Pruning: Thinning vs heading cuts

Nov 8, 2020 | Fruit trees, Gardening tips

Heading cuts on a loquat tree

Thinning cuts and heading cuts

When pruning fruit trees there are two types of cuts and they produce vastly different results. There are thinning cuts which are the preferred cuts and heading cuts which are used for only three purposes: to thicken a branch that you wish to keep for the structure, to remove a branch that cannot be retained (eg broken, diseased, growing into an eave, power line etc) or to stimulate spurs on trees that produce their fruit on spurs.

Thinning cuts

Thinning cuts are those that are taken back to the trunk. The cut occurs just before the collar (the swelling) on the trunk. The collar contains healing tissue and protects the trunk from infection. This means the cut is NOT flush with the trunk.
Thinning cuts can be made throughout the year. It is important not to make too many thinning cuts because allowing too much light into the interior of the tree will provoke unwanted rapid vertical growth.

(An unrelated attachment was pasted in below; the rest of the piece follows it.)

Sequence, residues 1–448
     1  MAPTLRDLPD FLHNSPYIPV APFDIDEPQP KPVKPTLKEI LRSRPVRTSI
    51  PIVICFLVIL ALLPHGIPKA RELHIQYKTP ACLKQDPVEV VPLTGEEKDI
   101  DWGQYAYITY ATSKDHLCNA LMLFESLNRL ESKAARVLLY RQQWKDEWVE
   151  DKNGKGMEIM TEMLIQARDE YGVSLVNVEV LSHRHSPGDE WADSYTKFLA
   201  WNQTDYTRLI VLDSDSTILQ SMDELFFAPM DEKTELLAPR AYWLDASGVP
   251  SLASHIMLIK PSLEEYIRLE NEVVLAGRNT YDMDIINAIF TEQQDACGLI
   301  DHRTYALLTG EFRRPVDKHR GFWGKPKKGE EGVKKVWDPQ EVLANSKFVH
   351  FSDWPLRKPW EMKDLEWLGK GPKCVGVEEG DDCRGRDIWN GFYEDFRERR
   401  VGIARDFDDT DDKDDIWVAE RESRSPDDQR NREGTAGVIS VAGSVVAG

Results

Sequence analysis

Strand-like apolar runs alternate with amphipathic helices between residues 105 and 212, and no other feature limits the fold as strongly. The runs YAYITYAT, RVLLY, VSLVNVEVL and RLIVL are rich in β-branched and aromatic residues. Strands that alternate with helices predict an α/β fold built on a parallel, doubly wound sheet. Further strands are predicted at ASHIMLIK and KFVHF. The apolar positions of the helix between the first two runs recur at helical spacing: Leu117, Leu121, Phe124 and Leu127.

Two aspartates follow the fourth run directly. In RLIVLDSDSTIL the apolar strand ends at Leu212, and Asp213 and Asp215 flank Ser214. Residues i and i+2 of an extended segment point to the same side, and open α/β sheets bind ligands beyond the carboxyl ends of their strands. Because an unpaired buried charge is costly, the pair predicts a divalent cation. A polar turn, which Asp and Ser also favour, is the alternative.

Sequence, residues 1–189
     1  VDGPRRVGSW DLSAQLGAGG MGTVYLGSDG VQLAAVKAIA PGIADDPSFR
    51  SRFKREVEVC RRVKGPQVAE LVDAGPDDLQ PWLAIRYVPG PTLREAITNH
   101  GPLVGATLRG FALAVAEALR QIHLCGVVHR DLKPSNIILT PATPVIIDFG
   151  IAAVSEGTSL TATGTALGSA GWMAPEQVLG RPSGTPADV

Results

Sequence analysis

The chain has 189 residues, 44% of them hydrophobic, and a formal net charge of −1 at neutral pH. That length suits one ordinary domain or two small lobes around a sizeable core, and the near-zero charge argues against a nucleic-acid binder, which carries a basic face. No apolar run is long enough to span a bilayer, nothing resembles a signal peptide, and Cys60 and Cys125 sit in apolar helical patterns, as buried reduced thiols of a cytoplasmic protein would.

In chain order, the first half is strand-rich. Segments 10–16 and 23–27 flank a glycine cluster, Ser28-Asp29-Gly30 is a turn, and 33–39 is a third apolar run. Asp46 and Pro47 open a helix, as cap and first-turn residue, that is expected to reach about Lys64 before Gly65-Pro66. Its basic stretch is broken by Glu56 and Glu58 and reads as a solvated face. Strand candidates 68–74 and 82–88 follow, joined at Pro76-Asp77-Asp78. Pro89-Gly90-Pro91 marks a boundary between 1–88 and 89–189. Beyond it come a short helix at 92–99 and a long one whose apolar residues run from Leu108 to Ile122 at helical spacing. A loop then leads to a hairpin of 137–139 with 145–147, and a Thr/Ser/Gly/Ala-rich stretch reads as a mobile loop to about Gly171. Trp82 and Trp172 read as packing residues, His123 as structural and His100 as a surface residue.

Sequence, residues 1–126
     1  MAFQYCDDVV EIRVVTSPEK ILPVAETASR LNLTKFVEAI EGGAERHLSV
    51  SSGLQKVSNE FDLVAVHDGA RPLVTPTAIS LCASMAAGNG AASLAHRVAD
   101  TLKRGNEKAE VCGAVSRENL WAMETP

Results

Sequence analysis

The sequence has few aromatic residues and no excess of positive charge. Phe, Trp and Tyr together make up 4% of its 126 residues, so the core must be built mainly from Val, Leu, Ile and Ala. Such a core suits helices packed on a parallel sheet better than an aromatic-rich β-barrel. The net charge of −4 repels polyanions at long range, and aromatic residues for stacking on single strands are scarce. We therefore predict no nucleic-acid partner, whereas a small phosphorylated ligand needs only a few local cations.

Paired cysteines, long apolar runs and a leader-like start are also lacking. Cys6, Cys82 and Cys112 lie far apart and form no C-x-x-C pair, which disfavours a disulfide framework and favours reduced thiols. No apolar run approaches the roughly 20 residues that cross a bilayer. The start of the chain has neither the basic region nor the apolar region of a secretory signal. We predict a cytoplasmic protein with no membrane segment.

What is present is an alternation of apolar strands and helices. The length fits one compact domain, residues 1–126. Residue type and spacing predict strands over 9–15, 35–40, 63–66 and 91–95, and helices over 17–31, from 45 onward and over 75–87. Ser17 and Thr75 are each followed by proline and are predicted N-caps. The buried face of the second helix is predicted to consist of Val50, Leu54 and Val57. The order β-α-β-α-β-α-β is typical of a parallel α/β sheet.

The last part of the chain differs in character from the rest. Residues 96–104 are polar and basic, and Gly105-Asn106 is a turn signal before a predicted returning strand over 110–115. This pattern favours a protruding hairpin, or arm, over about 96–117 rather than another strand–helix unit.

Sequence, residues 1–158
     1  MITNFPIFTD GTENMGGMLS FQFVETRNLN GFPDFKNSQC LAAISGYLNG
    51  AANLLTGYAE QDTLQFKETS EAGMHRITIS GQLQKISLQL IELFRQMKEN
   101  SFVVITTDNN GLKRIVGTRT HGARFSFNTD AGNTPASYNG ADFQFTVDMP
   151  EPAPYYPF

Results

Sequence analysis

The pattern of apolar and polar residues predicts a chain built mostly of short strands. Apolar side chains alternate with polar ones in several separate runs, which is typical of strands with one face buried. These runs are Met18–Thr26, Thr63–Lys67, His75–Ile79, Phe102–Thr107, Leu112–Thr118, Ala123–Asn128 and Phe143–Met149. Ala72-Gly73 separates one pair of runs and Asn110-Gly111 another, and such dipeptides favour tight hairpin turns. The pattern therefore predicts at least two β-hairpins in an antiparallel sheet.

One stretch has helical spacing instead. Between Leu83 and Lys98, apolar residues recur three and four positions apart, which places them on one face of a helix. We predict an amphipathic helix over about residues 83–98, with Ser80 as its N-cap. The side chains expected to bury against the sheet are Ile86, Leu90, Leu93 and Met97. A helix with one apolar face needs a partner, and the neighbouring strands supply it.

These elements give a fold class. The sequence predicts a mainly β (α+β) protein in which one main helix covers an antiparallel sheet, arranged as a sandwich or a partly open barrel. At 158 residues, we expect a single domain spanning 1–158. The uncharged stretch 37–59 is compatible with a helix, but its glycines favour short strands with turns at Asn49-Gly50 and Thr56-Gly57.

• discourages sucker growth
  • encourages early fruiting
  • encourages air circulation and sunlight into the centre of the tree
  • discourages overgrowth
  • creates an appropriate structure for young trees
  • reduces stub cuts on mature trees

Pruning Thinned medlar in leaf

Thinning cuts on a medlar tree

Pruning thinning cut - Thinned medlar in leaf

Thinned medlar tree in leaf

Heading cuts

With heading cuts, you are removing the terminal bud (the bud on the end of the branch) and this leads to a branch with many new shoots fanning out from the cut and around it. The lopped branch will have a spiky appearance. Many of these ‘spikes’, especially the ones growing towards the centre of the tree, will need to be removed. If you do need to make a heading cut, cut the trunk and branches back by 1/3 of the previous year’s growth only. Also, cut 6mm above a bud facing in the direction you want the new growth and do not leave a stub as this will develop dieback and slow regrowth. Heading cuts are best made in spring/summer to prevent massive vertical growth.


  • can change the shape of a tree
  • can create bushiness if this is desired but this really applies more to shrubs


  • light heading cuts encourage foliage at the expense of flowers and fruit size
  • severe heading cuts produce fewer flowers and fruit but the fruit will be larger
  • delay fruiting
  • lead to rapid unregulated, vertical growth with fewer fruiting buds

To keep your trees low, it is best to prune in mid spring and then again in mid summer. This prevents rapid vertical growth in winter. Using thinning cuts in conjunction with this regime, will give you lower trees and maximum fruit production.

Written by Robin Gale-Baker